>And more and

>more climatologist are coming to the same conclusion that global

>warming is "real". Having genetic engineering at our disposal to

>develop plants quickly that could grow better under conditions that

>may result from global warming (ex: drought tolerance) cuts ice with

>us Yanks quite well and I think a majority of Americans would support

>these endevors.

only if us yanks actually believe global warming is real. if that

it will come only when global warming skeptics run out of ways to

ambiguity (the one about flawed methods and assumptions in measuring

surface temperatures is particularly ingenious, in my opinion).

i don't need perfect temperature readings; the facts that arctic pack

is four feet thinner than it was in the 1950's and that it now rains in

antarctic summer on palmer peninsula tells me that *something* is

to the global climate. however, i think the majority of the american

*will* need perfect temperature readings before they become convinced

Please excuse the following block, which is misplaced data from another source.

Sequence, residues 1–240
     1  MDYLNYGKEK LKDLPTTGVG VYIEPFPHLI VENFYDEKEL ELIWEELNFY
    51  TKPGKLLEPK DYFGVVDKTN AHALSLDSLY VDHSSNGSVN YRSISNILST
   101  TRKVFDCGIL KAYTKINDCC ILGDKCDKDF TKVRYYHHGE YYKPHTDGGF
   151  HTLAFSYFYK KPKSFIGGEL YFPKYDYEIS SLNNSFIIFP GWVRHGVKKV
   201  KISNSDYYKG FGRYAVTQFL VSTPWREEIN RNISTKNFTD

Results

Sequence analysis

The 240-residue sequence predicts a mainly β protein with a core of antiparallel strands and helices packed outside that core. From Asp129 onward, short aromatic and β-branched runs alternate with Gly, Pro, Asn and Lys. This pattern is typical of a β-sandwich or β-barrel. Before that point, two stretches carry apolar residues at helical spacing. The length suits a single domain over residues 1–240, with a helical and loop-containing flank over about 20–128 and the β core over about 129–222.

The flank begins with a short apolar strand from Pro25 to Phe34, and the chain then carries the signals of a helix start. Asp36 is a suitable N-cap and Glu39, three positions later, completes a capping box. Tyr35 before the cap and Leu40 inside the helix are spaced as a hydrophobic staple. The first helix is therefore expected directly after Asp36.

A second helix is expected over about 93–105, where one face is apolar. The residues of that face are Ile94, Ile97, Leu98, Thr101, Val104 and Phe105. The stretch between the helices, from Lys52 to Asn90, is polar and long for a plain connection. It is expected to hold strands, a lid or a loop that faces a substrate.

global warming is real.

>In closing I don't know why you think that a purely capitalist view

>devoid of any emotions or convictions or religion is somehow superior

>to incorporating a stewardship view for the role of science.

since i never either wrote or implied that, i'm fascinated to know how

came to that conclusion. all i did was make the observation that dr.

trewavas' view that man's role on earth is to be a "good gardner" with

express purpose of creating a "planetary garden" is an expression of

religious mysticism, not science. i also specifically said viewing the

world ultimately through a mystical lens rather than a scientific one

necessarily bad, so long as one is able to recognize it. i myself have

religious perspective regarding nature and man's role with respect to

why you concluded that i'm anti-religious or anti-mysticism is

perhaps known only to the gods. :-)


>science takes place in a vacuum from the culture, beliefs and

>religions in which it takes place.

never claimed otherwise.

>What exactly are you advocating, I

>just don't get what you are driving at?

for one thing, that scientists stop visualizing human achievements in

way that michaelangelo painted "the creation of adam" on the sistine

chapel: as acts that are purely positive. instead, they should be

visualized like the two sides of a coin, or better yet, like the

figure of janus, meaning that all human achievement is both positive

negative in its implications and consequences, and *both* the positive

negative consequences *will* (not *may*) manifest themselves in

and we should prepare accordingly.